November 13th – 17th, 9:30 – 16:00

Sted: Notam in Oslo
Price: 5000,- NOK for all academic employees in 50% positions or more, free for all others.
Thibaut Carpentier is one of the main developers behind Spat, a toolkit for sound spatialization in Max. The workshop will contain a mix of practical work, guidance and lectures.

Day 1: theoretical background on spatial/immersive audio; introduction to the Spat “philosophy”
Day 1 and 2: (hands-on) introduction to the Spat framework; basic panning examples
Day 2 and 3: reverberation, sound radiation; more advanced examples
Day 3: focus on Ambisonics and/or binaural techniques (applications to head-tracking, VR, etc.)
Day 4: highlight on Panoramix (1), a new derivative of Spat, which focuses on mixing and post-production
Day 4: presentation of recent work on spatial audio at Ircam (research projects and artistic productions)
Day 5: authoring tools for spatial sound (automation, digital audio workstations, algorithmic composition, remote control, integration within OpenMusic (2), object-based audio, etc.)
The course is fully booked

Bio: Thibaut Carpentier is an R&D engineer at IRCAM (Institut de Recherche et de Coordination Acoustique/Musique), Paris.
After studying acoustics at the Ecole Centrale and signal processing at the ENST Telecom Paris, he joined CNRS (French National Centre for Scientific Research) and the Acoustics & Cognition Research Group in 2008.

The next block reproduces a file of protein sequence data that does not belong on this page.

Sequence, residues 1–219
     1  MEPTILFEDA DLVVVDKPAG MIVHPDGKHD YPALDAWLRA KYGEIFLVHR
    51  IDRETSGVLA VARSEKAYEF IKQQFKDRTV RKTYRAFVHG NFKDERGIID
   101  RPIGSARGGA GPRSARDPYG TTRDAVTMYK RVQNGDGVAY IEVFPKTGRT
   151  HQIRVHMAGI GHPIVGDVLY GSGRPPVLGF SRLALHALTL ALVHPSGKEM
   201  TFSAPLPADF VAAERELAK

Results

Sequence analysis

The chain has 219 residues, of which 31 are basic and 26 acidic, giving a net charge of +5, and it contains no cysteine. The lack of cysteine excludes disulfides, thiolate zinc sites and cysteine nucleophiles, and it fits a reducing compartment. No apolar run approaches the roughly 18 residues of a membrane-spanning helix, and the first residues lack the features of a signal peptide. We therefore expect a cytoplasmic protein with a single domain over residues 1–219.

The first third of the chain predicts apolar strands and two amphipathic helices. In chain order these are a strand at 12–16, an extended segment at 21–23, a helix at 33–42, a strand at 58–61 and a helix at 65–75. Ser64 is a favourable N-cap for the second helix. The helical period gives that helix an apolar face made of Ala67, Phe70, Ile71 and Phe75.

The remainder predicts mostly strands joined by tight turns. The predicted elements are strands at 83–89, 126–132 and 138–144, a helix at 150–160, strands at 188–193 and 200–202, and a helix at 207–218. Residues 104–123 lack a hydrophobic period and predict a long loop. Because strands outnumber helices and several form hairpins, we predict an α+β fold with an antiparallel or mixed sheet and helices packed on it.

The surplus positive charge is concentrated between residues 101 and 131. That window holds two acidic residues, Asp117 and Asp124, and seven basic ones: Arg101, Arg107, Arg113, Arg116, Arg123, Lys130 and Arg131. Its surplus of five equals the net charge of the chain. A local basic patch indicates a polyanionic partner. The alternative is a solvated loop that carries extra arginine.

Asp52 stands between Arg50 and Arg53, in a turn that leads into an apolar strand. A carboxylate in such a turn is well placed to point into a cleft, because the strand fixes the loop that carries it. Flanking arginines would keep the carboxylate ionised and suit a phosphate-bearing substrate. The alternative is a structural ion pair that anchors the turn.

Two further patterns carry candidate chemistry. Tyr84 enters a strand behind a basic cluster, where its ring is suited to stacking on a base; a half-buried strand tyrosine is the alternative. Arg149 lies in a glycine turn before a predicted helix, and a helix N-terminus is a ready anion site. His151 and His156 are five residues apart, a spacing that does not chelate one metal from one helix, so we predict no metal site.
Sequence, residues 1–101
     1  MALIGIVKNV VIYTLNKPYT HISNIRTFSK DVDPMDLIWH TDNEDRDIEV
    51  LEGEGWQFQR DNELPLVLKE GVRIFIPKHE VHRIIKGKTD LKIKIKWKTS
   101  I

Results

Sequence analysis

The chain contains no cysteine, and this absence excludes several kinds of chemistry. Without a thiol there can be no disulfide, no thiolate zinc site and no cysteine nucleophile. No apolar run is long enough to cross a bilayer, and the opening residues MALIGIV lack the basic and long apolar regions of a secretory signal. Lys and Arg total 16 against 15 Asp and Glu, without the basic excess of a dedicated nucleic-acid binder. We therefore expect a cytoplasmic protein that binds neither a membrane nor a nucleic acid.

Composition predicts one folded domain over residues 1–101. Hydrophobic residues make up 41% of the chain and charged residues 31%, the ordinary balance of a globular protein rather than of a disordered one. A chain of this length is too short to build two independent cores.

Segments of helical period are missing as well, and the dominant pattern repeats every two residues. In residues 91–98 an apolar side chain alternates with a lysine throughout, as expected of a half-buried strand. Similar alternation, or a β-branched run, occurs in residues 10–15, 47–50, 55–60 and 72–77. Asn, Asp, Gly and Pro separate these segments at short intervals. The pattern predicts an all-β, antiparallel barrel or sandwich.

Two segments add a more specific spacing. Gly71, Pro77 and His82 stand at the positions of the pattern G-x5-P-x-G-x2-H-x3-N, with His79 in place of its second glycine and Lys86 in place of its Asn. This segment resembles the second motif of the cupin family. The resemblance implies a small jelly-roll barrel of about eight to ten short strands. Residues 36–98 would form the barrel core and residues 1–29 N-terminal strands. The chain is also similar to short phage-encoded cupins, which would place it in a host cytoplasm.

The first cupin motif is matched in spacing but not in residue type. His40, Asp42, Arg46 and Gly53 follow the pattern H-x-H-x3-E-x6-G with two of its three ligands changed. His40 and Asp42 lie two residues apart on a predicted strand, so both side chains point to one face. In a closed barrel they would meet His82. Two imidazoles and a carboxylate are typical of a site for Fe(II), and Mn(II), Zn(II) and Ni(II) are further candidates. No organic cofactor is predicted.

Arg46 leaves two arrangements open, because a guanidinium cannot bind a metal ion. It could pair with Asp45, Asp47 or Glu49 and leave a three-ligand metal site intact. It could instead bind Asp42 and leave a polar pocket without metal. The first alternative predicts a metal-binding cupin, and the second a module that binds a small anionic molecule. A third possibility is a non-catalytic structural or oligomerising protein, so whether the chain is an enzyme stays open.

His research is focused on spatial audio, room acoustics, artificial reverberation, analysis/synthesis of sound fields and compositional tools for spatial sound.
In recent years, he has been responsible for the development of Ircam Spat and he contributed to the conception and implementation of a 350-loudspeaker array
for holophonic sound reproduction in Ircam’s concert hall.
Besides his research activities, he has been involved in numerous creative projects, as computer music designer, sound engineer or scientific consultant for several multimedia artists and ensembles.

About IRCAM Spat:
Spat is a real-time spatial audio processor that allows composers, sound artists, performers, and sound engineers to control the localization of sound sources in 3D auditory spaces. In addition, Spat provides a powerful reverberation engine that can be applied to real and virtual auditory spaces.
The processor receives sounds from instrumental or synthetic sources, adds spatialization effects in real-time, and outputs signals for reproduction on an electroacoustic system (loudspeakers or headphones).
Its modular signal processing architecture and design are guided by computational efficiency and configurability considerations. This allows, in particular, straightforward adaptation to various multichannel output formats and reproduction setups, over loudspeakers or headphones, while the control interface provides direct access to perceptually relevant parameters for specifying distance and reverberation effects, irrespective of the chosen reproduction format.
Another original feature of Spat is its room effect control interface relying on perceptive criteria. This allows the user to intuitively specify the characteristics of a specific room without having to use an acoustic or architectural vocabulary.

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